Everything is growing well at this time. We haven’t had very many insect problems up to now …knock on wood. We think the chicken and ducks patrolling outside of the garden are eating a lot of insects before they enter the garden. Also we’ve seen several fence post lizards and toads in the garden so they’re probably eating the insects that the poultry miss 🙂

We are really anxious to have more veggies ready to harvest. The zucchini is just a few days away from being ready to pick. Tomatoes are starting to bloom. The potatoes are hip high. The pole beans are starting to climb their trellis. So….Good Lord willing we will be getting lots more good stuff to eat before long.

What are you growing or harvesting now?

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It was a long cold winter but it’s finally over. The wood stove we built kept us nice and cozy. There’s nothing that can compare to the way the heat feels from a wood fire. This Spring is still a bit chilly. We’re still running the stove now and then on a cool evening.

Hand Made Wood Stove

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Remember No Cost – Low Cost? We made the wood stove from a 55 gallon metal barrel and some black stove pipe. All the materials (barrel, flue pipe, damper, high-temp black paint) used to build the stove cost about $50.

Many a day we cooked a pot of beans on top of the wood stove in one of our cast iron dutch ovens (like you see in the picture) and kept a pot of coffee warm.

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We knew that our ducks should begin laying eggs anywhere from 5 to 7 months old. Since we were told that they were born in April (not sure which day) we knew we should be getting some eggs any day now. Bop fixed up a nesting box in their new house , filled it with straw, and placed a round white rock and golf ball in it to — hopefully — give the gals the idea that it was time to start laying some eggs!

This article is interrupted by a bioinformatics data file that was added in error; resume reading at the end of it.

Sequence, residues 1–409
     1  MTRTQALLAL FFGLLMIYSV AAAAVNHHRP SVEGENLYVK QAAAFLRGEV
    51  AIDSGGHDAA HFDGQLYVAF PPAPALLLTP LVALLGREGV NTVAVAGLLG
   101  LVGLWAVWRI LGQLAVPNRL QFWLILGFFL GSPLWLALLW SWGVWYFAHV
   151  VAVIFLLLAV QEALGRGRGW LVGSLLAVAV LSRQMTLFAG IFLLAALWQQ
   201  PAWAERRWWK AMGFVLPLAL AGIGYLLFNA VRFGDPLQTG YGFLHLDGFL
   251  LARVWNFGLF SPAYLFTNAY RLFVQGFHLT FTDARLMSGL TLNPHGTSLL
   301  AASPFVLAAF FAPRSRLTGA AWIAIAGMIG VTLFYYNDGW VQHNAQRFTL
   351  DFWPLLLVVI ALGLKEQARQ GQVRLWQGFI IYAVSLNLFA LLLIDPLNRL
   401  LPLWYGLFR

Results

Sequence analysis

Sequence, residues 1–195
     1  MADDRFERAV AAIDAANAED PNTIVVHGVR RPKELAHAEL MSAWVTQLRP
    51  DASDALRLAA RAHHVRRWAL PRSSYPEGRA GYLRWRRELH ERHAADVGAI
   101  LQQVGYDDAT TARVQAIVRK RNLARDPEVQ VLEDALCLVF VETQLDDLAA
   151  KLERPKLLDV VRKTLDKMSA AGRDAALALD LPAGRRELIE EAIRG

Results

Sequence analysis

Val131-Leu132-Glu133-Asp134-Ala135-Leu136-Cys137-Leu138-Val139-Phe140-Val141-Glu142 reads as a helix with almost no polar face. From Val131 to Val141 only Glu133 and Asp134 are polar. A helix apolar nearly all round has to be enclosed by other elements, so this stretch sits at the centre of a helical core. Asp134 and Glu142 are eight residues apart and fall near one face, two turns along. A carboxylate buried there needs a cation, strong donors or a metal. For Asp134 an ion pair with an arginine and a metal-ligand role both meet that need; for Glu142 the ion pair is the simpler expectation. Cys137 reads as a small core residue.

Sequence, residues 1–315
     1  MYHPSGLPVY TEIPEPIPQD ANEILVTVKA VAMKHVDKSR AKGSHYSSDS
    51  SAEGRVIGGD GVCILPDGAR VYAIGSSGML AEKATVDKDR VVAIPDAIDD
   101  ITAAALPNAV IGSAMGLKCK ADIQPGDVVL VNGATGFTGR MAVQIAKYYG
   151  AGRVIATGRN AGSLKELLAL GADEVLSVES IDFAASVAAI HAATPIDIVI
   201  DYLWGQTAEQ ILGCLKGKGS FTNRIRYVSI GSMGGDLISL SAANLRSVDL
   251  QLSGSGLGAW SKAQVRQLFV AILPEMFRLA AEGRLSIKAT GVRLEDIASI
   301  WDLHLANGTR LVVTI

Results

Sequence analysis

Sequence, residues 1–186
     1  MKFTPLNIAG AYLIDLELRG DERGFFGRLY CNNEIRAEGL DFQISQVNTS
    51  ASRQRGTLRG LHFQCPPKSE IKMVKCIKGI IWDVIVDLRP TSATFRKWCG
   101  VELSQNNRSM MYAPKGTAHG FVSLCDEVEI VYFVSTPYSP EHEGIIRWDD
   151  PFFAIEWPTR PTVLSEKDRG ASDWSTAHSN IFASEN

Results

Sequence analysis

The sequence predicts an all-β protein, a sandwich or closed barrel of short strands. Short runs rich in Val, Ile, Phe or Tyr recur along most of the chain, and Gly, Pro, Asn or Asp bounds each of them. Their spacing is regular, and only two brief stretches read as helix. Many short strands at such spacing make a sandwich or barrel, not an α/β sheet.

After days and days of checking the nesting box — an EMPTY nesting box — it finally happened! Today there was an egg! YEAH!

Khaki Campbell duck egg
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Bob read that duck eggs can become tough when you fry them so he’s been practicing how to steam fry eggs (a method that was recommended in the book) using the store bought eggs.  So… for breakfast this morning he cooked up some bacon and regular eggs and then he added a pat of butter to the cast iron dutch oven, cracked the duck egg into the pan, added a small amount of water, put the dutch oven lid on, and turned off the heat. 

See? A perfect sunny side up egg!

We shared the egg and it was delicious! So much more flavor than the store eggs. The only problem was that there was only ONE!

Duck egg in cast iron dutch oven.
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Bob said the shell was 10 times tougher than the store eggs which crack if you breathe hard on them 😉 The yolk was so much darker and the white didn’t run all over the bottom of the pan.

I know one egg doesn’t seem like a lot but when we get to the point where we don’t have to purchase them from the grocery store it will be one more step towards self-sufficiency on the homestead. AND, more importantly, we’ll know that the duck/chicken eggs are hormone free and that they are being raised humanely.

I can’t wait to see if there are any more eggs tomorrow. We have 3 female ducks and we’ve read that once they start laying they should lay an egg for every 14 hours (approximately) of daylight they get.  Fortunately, ducks usually lay their eggs early morning — just in time for breakfast 😉 — so it’s not difficult to collect them when you let them out for the day to free range. And in case you’re wondering, we anticipate that our chickens should start laying sometime in January.

If any of you readers knows anything different about how many eggs we could expect – post a comment and let us know!